OP-ROB RATING: ALL-STAR
“Don’t Breathe” is a horror film directed by Fede Alvarez about three young thieves, specializing in house robberies in the Detroit area. In an opening scene the trio breaks into a nice residential home to steal electronics and jewelry and each burglar is quickly introduced. Rocky (Jane Levy), a slender girl with blonde hair, is focused on making enough money to flee her abusive mother in order to start a new life in California. Money (Daniel Zovatto) is a reckless loudmouth and a wannabe gangster, who displays little respect for professionalism during the robbery. Finally there is Alex (Dylan Minnette), who reluctantly steals information from his father’s security business in order to rob the houses. Alex is seemingly responsible and appears to be robbing the houses mostly to win over Rocky, who has placed him in the “friend-zone”, opting for the more rambunctious Money.
After the robbery yields underwhelming returns, Money seeks out a job involving an old man (Stephen Lang) that is rumored to be sitting on a large cash sum in his run-down, two-story suburban house outside of Detroit. The old man came into the money after a girl from a wealthy family killed his only daughter in a motor accident that resulted in a six-figure settlement. Money proposes the robbery to Rocky and Alex, and after some deliberation, they decide to take on the challenge as “one last job”. A successful robbery would mean Rocky could achieve her dream of moving to California. During the recon mission to the old man’s ghostly neighborhood, the group discovers the old man is blind, further strengthening their confidence in the job. Late that night, Money, Rocky and Alex approach the house and manage to break in through an upstairs window. A series of twists and turns ensue as the group discovers the man, the house, and the situation are far beyond their expectations.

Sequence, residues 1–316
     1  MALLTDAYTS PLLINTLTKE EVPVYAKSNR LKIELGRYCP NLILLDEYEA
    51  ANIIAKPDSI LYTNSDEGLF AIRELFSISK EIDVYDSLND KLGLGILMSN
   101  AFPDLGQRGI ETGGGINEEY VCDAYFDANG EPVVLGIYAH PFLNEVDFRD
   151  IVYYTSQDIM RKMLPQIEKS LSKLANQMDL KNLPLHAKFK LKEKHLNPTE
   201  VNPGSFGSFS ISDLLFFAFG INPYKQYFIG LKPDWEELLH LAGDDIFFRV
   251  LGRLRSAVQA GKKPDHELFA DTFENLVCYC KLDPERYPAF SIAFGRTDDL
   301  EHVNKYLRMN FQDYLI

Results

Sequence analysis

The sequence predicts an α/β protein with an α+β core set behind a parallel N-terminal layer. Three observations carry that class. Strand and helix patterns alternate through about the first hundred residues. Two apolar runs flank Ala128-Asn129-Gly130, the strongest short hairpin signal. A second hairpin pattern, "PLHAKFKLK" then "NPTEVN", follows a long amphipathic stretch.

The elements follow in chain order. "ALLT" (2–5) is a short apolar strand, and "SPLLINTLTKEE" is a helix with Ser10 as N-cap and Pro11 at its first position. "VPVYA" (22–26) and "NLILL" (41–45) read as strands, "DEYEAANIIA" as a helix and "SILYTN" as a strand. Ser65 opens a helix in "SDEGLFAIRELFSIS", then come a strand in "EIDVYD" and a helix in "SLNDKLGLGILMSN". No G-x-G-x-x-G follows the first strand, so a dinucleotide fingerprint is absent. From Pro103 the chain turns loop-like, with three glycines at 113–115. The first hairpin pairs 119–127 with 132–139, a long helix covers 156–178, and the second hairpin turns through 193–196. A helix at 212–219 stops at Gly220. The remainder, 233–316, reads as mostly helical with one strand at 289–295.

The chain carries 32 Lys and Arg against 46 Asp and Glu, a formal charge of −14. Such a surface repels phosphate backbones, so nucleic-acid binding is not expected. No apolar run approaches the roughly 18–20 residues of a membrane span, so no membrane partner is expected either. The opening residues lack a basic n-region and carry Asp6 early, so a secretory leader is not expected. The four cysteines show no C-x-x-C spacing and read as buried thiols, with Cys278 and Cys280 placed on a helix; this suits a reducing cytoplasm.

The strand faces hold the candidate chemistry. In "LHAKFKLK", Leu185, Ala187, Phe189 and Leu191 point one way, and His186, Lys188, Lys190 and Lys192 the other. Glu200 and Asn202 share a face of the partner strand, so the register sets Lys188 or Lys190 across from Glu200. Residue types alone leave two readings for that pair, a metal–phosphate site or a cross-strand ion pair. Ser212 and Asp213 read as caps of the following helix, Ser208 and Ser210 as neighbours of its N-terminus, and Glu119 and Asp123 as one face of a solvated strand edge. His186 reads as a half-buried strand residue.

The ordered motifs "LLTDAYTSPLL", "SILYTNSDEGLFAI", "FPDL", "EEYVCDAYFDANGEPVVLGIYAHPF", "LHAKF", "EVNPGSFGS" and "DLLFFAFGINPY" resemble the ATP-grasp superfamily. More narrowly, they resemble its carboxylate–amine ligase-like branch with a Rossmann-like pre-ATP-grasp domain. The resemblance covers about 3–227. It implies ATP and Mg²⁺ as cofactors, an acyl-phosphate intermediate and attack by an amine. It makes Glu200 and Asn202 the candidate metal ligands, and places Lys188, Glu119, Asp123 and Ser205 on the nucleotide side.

“Don’t Breathe” thrives under excellent direction from Alvarez. A very distinctive film technique gives “Don’t Breathe” an edge with the pop-outs as with many scenes the camera moves through an entire room, giving the viewer a full view of the situation, before finally settling in on a character. This heightened awareness of space and location gives the audience a sense of placement within the movie. The vast majority of the film takes place inside the Blind Man’s house, and feels like a prolonged cat and mouse hunt for survival, reminiscent of the final sequence in the classic horror film “The Silence of the Lambs”.
Perhaps the greatest compliment that can be given “Don’t Breathe” is that it is just plain smart. The plot is clean-cut, and Alvarez doesn’t mess around with extra scenes that don’t add up to the story. An example of this focused direction is how objects are emphasized early in the story and become relevant later on. When Rocky initially breaks into the house, a piece of broken glass sticks to her boot, and is dislodged in the middle of the upstairs hallway. When the Blind Man awakens and searches for the burglars’ point of entry, he stumbles upon the piece of glass, which leads him into the bathroom where he subsequently boards up the broken window with a piece of plywood. In the film there are several objects that share a delayed importance, some more vital than others: a hammer, a cell phone, an alarm trigger, a pair of shoes, a gun. Another intelligent aspect of “Don’t Breathe” is the judicious use of sound. The title may imply this, but there are multiple scenes that involve such silence that a character’s breath or any small movement sounds booming.
Further strengthening “Don’t Breathe” is an overarching narrative about human nature. At many junctures each of the burglars are presented with a very stark choice, go after the money or walk away. In the beginning that choice carries little consequence, but as the story progresses so does the gravity of the decision. Time and time again the burglars choose to pursue the money, even at junctures when that could mean their lives. The exploration of these basic human desires is also reflected in the films’ villain. The Blind Man, as we find out in a disturbing revelation, is interested in a basic human entity that money can’t buy. “Don’t Breathe” lacks any kind of superstitious element, employing only plausible events, and is much more unsettling as a result.
There are a few slip-ups in “Don’t Breathe”, including the addition of a few unnecessary scenes following the climax of the film. However, on the whole it is a very smart, very scary, and ultimately satisfying horror film. Along with David Robert Mitchell’s 2014 film “It Follows”, Detroit is quickly becoming somewhat of a modern horror mecca, the derelict suburban houses ready-made for eerie events. Coming off a disastrous summer for movies, “Don’t Breathe” is a welcome sigh of relief for moviegoers and horror fans alike.